“Four large table-spoons of the best chocolate grated fine, two quarts rich milk added gradually to the chocolate, the whites of four and yolks of two eggs beaten light, but not separated; add one gill of cold milk to the eggs, beat well; add gradually a coffee-cup of the chocolate to the milk and egg while hot, beating constantly. Take the chocolate to the milk and egg while hot, beating constantly. Take the chocolate from the fire, keep it hot but not boiling, and add the egg and milk gradually; stir constantly, or it will curdle; flavor with nutmeg, vanilla, or cinnamon, as desired; sugar it to suit the taste. The Germans use no sugar. The egg is to be added just before serving This makes a very delicious drink. Serve in chocolate bowls.”
  • This recipe is a bit confusing, I think you are supposed to heat four large tablespoons of grated chocolate with two quarts of milk. While that heats, in another bowl, beat the whites of four eggs with the yolks of two and add one "gill" of milk.  When the chocolate mixture is hot enough , remove from the fire and slowly mix in the egg/milk mixture, stirring the whole time to prevent curdling. Add vanilla, cinnamon or nutmeg and serve in mugs.

Wednesday, August 25, 2010

Civil War Sontag

If anyone wants to take part in knitting a sontag, you can join the knit-along on World Turn'd Upside Down.

Sontags were designed to add warmth without adding unnecessary bulk. They were frequently worn under cloaks to add a warm layer close to the body.  The pattern we are using is very becoming and was taken from a pattern in Godey's Lady's Book from 1860. Sontags are nicer than shawls because they tie on tight and there's a lot less readjusting while wearing.

All the instructions can be found here. The knit-along will probably be open until the end of September. Everyone is in a different spot and new knitters are welcome.

Wednesday, August 18, 2010

Tuesday, July 13, 2010

Not-so Famous Photos of the Civil War

Some excerpts from The Photographic History of the War in Ten Volumes (Vol. 8) by  Francis Trevelyan Miller and Robert Sampson Lanier from 1911. Most of these photos are relatively forgotten but help round out the war experience. Some of them show interesting fabrics, women in camp, men in their shirtsleeves, and even a period "water buffalo."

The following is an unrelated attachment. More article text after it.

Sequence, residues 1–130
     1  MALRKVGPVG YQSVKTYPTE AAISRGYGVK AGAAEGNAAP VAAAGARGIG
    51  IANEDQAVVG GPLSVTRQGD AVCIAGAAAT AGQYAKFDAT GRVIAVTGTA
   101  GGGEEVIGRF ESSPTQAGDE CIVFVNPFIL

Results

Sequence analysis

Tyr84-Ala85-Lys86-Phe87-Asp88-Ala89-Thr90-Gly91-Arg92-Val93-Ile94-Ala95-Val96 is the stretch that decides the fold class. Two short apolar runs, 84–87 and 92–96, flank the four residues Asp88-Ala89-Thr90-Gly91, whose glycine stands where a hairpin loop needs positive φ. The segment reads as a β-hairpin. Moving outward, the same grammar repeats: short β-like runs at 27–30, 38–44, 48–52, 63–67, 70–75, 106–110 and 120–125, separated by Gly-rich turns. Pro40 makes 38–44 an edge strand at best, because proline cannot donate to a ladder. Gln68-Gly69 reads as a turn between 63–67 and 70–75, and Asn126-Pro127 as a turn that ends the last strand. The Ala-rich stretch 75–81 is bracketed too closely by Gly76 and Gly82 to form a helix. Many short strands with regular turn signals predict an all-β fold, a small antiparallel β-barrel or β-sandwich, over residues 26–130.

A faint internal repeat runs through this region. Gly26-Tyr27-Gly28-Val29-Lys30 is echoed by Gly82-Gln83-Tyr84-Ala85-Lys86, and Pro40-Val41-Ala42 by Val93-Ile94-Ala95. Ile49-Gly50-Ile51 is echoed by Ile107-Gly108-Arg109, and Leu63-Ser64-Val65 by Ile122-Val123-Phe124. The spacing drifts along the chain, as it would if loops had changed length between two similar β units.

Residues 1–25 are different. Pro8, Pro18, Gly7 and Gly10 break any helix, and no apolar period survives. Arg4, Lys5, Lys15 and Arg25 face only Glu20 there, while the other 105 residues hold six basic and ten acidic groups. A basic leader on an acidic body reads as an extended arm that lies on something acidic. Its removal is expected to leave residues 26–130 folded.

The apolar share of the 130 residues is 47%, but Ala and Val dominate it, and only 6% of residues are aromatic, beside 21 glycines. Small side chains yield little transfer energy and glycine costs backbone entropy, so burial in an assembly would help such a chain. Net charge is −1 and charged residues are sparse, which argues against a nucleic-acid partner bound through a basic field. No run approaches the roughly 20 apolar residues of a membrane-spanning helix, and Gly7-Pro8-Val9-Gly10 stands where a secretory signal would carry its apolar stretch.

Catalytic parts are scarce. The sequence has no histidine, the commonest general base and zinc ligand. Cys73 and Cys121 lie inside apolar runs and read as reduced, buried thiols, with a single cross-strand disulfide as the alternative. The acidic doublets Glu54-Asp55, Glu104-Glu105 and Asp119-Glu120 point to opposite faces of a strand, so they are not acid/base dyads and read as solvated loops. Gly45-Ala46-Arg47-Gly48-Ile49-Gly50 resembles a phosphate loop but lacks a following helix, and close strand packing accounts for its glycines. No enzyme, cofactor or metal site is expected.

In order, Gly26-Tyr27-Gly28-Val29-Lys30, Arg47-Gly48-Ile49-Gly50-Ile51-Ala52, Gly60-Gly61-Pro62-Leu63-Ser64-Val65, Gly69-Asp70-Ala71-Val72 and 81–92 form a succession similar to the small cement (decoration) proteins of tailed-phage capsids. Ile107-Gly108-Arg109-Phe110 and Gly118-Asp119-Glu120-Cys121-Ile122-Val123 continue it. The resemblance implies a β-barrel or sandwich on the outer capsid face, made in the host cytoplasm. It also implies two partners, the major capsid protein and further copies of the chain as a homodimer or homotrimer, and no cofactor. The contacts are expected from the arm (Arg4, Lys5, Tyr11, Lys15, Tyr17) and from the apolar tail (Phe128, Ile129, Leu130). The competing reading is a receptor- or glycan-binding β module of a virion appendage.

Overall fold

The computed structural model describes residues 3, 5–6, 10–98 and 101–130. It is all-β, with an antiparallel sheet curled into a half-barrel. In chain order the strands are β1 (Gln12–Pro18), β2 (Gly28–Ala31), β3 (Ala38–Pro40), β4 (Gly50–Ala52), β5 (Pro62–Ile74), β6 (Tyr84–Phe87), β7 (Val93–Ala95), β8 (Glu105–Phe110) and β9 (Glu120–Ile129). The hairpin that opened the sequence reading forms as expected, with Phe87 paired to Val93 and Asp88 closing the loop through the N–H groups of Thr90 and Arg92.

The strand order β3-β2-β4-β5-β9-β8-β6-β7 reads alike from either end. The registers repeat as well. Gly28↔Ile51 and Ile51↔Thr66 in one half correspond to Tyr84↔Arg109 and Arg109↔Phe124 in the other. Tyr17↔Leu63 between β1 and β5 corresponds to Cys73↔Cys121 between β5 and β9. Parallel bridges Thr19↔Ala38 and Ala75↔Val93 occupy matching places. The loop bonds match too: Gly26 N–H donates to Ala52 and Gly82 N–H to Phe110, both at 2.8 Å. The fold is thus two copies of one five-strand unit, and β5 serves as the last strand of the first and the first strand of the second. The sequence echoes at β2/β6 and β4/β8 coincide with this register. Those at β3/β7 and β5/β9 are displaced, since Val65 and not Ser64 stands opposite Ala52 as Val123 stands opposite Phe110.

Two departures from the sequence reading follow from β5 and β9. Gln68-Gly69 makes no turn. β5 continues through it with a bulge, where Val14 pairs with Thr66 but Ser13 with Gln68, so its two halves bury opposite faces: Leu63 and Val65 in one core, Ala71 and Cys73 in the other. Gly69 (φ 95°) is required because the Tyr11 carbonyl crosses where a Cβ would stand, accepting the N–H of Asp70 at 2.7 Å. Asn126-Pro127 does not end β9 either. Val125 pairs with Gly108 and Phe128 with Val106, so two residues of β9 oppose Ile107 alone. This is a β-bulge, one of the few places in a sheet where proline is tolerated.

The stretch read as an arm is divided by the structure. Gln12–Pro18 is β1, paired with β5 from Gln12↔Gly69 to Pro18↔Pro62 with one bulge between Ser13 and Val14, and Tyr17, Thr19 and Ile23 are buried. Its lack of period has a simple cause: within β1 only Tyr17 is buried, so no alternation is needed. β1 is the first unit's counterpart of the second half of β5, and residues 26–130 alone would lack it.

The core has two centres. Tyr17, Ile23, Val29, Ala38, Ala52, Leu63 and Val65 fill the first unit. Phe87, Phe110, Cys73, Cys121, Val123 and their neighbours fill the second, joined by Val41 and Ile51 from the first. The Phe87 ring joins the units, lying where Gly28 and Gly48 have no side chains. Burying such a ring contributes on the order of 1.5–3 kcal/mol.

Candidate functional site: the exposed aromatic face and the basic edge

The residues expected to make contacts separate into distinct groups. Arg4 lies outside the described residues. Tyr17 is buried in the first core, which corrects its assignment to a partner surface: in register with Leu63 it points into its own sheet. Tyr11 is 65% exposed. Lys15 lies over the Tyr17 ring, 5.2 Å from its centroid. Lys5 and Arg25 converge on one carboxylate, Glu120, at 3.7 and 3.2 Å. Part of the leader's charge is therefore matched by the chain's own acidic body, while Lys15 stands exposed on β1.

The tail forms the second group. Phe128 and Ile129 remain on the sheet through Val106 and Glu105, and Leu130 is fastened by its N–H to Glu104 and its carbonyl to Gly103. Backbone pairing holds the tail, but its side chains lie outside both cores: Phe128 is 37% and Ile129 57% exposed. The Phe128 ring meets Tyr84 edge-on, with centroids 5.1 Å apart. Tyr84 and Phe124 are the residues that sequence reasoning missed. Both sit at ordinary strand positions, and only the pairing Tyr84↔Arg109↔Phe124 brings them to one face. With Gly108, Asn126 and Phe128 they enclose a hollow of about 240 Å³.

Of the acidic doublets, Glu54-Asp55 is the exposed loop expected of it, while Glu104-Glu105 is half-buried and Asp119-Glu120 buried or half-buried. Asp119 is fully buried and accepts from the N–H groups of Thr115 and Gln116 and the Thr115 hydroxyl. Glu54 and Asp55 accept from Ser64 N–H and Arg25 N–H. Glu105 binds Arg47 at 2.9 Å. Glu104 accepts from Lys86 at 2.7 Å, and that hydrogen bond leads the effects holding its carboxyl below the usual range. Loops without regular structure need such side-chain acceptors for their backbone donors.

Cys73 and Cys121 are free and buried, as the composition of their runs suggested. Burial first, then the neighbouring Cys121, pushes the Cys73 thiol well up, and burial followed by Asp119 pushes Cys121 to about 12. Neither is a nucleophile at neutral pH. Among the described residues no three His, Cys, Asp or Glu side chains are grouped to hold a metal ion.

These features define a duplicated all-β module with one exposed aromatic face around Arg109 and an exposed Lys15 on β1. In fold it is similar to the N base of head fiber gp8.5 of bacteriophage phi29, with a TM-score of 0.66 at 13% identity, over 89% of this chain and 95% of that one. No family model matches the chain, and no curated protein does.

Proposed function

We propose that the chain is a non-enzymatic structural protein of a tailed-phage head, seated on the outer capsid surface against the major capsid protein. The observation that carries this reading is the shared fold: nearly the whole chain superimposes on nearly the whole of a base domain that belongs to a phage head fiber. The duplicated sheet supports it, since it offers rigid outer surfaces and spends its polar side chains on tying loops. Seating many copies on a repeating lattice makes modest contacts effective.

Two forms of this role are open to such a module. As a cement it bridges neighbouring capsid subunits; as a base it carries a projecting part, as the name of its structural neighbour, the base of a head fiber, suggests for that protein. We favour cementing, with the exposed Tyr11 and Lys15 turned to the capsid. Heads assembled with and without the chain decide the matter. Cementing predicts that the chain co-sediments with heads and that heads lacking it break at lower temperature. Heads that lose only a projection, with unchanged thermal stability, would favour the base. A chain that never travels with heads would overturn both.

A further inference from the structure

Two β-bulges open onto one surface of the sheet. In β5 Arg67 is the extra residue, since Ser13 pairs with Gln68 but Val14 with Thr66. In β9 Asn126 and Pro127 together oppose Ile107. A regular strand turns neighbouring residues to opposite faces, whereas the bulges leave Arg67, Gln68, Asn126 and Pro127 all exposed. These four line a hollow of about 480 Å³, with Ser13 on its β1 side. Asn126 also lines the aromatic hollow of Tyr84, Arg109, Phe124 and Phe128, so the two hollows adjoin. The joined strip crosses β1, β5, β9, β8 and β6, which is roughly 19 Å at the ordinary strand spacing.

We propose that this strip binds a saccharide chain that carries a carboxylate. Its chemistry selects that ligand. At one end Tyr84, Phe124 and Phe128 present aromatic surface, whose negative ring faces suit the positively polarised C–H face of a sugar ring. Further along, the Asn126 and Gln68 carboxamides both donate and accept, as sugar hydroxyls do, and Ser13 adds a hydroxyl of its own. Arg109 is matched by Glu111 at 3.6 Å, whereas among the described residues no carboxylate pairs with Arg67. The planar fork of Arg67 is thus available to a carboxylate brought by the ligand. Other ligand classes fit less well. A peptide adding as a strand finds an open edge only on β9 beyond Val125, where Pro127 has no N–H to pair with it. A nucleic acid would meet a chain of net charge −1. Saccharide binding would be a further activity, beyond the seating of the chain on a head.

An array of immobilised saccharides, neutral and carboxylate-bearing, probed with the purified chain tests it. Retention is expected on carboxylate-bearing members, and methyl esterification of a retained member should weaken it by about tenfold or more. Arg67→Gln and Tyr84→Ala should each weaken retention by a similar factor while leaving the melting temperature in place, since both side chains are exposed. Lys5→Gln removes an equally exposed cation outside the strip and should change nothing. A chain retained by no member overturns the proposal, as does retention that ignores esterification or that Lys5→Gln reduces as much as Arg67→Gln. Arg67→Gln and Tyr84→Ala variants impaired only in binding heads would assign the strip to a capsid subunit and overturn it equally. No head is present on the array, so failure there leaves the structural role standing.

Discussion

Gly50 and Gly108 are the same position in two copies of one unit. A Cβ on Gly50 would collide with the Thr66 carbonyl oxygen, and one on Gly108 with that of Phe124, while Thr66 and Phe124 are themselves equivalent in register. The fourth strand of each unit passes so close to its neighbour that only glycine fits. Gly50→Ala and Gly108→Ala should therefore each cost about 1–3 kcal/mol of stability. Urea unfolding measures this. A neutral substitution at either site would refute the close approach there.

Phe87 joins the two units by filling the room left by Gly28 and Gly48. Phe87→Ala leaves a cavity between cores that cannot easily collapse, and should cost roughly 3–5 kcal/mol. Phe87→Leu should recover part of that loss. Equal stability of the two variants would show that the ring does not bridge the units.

Volunteer about to lose some weight. :D

Wednesday, July 7, 2010

You Know you Civil War Reenact Too Much When...

  1. You use your reeacting stuff in everyday life.
  2. Your gear stays in the car until the next event-- at least you always have a chair.
  3. The power has been out for three days but it doesn't matter, your wife can cook a full 3 course meal 3 times a day for 30 men without electricity.
  4. You've attempted to adjust your kepi, in "the real world" when you weren't even wearing a hat.  
  5. Field-craft? You've mastered field-craft and now your working on port-o-potty-craft.
  6. You park the car at the supermarket and your wife says "Lock the doors, someone might steal my copy of Godey's."
  7. You sons are okay with wearing dresses. 
  8. St. Patrick's Day means you don't have to feel weird for blasting your usual David Kincaid in the car. 
  9. Your alarm clock plays reveille.
  10. You watch period films and documentaries just to point out people you know.
  11. You can spot another reenactor in regular life by their facial hair. You can probably even tell if he's a Yankee or a Reb.
  12. You can spot a zipper, snaps and stainless steel from a mile away.
  13. You've gotten used to the taste of rust and wax. 
  14. You have an entirely different definition of the word 'clean' after sweating in your gear for three days.
  15. You know that REAL men are okay with spooning in the cold. 
You might be a Civil War reenactor? :)

    Thursday, July 1, 2010

    Shippensburg: Awesome!

    This past weekend was the Shippensburg March to Destiny event. Tom, Alex, Steph and I were planning to go, but some stuff came up at the last minute and Tom and Alex couldn't make it. Steph and I were considering not going, but seeing as how we had no power because of the huge storm that came through Thursday, we decided to go anyway.